Speaking of iris leaves, this little skipper was perfectly content to sit on one in the early morning sun today.
Bees were everywhere this morning. This Rudbeckia hirta ‘Irish Eyes’ was knocked down by wind a couple of weeks ago and I propped it back up as best I could. The bees do not seem to mind that the huge stalks are still leaning.
Blue Sky salvia has its own admirers.
Next to the back steps the first dark red flower has opened on a passalong dahlia from Libby at An Eye For Detail. Last year was the first time I really took an interest in growing dahlias. The one planted late last summer overwintered but has yet to bloom. This spring I bought tubers of several red and purple dahlias and I hope they will carry the garden through the summer and into fall.
It is just a number, but having arrived here, I like the idea of marking my 550th post.
Most days this week I have enjoyed the garden by getting up early, between 5:00-6:00 a.m., to take pictures, water certain plants and spend some time in quiet reflection before the neighborhood starts bustling. A red Daylily started flowering a week ago, this yellow one opened today.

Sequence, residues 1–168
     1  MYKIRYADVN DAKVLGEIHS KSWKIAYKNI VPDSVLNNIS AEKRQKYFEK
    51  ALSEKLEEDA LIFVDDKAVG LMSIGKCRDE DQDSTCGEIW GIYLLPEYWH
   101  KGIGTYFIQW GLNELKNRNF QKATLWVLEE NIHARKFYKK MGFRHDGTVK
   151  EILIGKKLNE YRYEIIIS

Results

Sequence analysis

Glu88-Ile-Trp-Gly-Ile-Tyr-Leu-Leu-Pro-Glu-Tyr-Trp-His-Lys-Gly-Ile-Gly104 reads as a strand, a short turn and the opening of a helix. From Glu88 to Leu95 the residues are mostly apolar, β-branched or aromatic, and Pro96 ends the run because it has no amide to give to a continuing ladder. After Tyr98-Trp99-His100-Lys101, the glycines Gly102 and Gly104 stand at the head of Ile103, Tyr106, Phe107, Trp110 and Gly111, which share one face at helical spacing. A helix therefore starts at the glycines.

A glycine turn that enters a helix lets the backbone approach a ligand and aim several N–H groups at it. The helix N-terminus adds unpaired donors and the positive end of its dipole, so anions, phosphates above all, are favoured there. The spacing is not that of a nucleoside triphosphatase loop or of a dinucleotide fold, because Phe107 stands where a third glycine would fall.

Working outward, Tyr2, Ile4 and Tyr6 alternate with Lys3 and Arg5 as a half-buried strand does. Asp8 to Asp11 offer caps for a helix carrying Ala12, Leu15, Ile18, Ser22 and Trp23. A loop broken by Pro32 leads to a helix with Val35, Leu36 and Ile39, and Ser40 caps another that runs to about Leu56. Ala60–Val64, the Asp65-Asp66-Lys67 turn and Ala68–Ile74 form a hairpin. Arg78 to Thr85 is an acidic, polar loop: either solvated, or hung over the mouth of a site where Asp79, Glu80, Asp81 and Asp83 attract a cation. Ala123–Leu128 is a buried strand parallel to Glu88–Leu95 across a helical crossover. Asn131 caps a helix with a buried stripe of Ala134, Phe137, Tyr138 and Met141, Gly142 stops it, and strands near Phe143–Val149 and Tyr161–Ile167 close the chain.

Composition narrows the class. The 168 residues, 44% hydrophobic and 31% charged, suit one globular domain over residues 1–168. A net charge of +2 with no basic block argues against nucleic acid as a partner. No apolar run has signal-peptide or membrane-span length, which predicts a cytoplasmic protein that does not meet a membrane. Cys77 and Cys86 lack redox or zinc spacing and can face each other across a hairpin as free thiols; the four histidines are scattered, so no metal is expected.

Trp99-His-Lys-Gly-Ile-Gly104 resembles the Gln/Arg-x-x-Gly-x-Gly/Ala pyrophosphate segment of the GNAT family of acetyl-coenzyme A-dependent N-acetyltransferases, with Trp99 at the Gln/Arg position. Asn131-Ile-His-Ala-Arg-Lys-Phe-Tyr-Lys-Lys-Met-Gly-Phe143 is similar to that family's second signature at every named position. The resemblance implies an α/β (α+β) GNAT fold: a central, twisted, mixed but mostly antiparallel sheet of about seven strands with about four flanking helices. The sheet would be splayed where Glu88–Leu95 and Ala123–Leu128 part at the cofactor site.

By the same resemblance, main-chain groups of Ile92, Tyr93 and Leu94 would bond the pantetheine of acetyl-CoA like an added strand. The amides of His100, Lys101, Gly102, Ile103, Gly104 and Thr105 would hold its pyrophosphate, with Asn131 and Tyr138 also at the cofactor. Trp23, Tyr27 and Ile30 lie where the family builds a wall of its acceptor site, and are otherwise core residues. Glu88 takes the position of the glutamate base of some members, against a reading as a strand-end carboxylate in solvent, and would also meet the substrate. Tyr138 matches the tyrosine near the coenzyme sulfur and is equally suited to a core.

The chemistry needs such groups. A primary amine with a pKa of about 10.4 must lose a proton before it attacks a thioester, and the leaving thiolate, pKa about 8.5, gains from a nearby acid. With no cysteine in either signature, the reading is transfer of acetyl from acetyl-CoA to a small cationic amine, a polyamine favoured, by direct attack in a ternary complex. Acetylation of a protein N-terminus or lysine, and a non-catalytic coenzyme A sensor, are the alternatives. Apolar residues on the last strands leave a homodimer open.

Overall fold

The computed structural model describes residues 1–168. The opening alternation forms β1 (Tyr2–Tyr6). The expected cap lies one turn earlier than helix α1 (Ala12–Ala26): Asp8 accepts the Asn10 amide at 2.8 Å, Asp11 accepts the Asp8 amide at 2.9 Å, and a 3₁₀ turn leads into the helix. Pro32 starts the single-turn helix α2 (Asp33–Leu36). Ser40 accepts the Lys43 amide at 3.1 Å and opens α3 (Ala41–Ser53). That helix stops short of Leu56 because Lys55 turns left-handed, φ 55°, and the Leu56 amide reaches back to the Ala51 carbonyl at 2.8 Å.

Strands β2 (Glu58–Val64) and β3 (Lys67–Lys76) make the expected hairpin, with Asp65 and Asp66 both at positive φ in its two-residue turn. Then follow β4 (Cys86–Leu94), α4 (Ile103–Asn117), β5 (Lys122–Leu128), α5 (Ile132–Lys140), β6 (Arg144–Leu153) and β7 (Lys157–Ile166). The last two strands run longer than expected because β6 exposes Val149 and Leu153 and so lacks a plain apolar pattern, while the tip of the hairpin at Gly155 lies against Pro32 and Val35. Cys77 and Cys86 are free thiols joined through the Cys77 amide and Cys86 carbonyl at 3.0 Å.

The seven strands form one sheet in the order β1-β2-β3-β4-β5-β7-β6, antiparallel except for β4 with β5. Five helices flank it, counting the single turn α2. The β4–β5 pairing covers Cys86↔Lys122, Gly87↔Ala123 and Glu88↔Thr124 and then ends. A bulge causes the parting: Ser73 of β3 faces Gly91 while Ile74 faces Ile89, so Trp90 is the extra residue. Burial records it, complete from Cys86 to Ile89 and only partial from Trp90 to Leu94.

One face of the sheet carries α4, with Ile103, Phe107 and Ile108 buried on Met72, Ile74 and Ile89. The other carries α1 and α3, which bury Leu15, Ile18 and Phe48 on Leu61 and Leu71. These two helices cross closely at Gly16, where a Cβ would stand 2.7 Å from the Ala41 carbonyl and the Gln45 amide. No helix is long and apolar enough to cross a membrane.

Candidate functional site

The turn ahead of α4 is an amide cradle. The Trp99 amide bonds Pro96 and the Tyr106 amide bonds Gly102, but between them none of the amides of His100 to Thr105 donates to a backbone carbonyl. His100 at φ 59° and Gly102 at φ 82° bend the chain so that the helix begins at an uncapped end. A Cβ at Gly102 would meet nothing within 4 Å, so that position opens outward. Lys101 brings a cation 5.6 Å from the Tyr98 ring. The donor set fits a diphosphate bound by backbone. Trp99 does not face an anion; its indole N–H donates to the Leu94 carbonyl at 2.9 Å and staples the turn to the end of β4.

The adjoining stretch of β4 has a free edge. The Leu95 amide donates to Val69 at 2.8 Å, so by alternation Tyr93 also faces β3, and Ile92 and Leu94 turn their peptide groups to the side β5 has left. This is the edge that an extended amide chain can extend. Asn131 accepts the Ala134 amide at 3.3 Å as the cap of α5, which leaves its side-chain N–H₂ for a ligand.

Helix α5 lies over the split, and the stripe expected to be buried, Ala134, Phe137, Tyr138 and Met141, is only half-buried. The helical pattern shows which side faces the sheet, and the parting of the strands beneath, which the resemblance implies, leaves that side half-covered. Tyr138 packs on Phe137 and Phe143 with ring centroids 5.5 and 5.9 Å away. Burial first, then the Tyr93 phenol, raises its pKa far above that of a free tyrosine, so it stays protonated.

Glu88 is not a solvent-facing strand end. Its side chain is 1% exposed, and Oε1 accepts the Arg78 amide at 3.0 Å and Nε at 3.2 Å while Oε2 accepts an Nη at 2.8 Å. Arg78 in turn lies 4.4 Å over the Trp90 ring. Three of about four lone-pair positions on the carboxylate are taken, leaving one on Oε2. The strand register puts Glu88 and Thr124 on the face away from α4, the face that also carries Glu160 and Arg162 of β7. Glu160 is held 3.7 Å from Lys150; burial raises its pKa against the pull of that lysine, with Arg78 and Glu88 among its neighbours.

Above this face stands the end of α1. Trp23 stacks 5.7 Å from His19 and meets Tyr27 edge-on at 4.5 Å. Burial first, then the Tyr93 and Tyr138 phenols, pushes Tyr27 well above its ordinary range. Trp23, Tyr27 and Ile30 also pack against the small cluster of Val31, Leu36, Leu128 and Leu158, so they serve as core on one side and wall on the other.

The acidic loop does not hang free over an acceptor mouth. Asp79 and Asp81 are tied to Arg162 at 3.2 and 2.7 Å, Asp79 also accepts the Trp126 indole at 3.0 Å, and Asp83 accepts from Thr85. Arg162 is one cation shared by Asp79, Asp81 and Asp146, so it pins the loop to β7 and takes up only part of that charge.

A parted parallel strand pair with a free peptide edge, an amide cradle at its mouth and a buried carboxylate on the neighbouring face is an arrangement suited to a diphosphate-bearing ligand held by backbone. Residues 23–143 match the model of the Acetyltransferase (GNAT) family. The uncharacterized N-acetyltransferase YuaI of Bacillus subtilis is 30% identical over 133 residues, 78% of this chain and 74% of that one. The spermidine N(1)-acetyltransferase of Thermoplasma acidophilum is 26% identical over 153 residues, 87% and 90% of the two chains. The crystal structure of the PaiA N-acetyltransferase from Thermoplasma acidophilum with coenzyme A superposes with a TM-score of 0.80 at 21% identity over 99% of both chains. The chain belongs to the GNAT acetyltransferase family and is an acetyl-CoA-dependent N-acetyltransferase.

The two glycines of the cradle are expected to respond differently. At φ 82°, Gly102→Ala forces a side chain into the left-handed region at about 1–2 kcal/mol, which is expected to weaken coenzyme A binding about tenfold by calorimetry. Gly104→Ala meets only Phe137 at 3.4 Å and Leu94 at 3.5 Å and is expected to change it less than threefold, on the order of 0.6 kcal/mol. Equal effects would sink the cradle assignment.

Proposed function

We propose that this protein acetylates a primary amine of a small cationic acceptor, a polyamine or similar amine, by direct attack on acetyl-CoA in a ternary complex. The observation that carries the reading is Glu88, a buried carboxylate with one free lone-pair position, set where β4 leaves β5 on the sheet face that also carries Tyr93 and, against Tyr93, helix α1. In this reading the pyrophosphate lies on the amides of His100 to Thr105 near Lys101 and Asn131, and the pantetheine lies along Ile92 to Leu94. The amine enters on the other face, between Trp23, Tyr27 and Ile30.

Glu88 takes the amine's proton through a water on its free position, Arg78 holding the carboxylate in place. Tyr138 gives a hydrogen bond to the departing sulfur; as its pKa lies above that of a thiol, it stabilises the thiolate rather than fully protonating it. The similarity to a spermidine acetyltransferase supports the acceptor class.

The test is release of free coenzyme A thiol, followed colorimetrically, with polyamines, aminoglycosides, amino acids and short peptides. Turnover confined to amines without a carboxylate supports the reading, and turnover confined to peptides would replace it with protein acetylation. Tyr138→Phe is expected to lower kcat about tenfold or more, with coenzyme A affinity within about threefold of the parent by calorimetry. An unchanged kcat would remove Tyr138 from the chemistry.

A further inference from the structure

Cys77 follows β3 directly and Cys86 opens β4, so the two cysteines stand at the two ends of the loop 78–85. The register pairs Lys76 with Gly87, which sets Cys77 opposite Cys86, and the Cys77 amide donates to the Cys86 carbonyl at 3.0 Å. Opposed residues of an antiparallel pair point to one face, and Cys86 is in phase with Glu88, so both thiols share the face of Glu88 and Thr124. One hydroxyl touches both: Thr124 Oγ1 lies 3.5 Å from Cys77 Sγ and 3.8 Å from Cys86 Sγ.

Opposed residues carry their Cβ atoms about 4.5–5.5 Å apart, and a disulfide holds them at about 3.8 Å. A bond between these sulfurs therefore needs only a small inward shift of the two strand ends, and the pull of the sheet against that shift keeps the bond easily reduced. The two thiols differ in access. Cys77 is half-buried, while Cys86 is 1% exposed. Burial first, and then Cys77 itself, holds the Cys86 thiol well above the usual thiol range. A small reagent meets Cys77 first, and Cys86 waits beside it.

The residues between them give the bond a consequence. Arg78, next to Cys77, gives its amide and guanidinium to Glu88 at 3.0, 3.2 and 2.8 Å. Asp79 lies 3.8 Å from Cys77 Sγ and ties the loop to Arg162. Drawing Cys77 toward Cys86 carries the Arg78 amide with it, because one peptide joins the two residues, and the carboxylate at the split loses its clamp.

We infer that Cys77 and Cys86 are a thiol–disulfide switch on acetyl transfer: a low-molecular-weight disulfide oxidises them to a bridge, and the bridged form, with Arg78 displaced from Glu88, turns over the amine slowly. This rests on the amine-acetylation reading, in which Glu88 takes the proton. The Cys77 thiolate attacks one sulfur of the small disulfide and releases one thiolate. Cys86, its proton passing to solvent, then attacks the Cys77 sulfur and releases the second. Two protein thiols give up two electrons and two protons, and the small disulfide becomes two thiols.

Wednesday I noticed a colorful creature spiraling an Allium Atropurpureum. Perhaps someone will be able to help me identify it.
Scattered all around the garden, Echinacea purpurea has been reliable in the heat. Some planting of echinacea received no extra water during this drought, but I watered this section fairly regularly since I was watering nearby. Even drought-tolerant plants such as this one respond positively to some attention.
Bees are becoming active at this early time of day, but frequently during my walks I have come upon them asleep on Echinacea and once, on Nepeta ‘Walker’s Low’ (Catmint).
Another bee pair was lazily hanging out on the spire of a Liatris spicata. This one is the only liatris that has kept its dignity during the recent heat wave.
Phlox paniculata (Garden Phlox) came into its own this week. Along with Cleome it helped to fill in some gaps along the fence in the western border, attracting more bees at the same time.
A recent addition to the garden, Ruellia brittoniana ‘Purple Showers’ (Mexican petunia) is taking its time getting adjusted to its new home. Eventually it should make a nice large clump and overwinter, I hope. There are a couple of new flowers each morning, gone later in the day—the bunny or some other phenomenon? I have not seen the rabbits in 4 or 5 days nor have I come upon an abandoned little blue velvet jacket.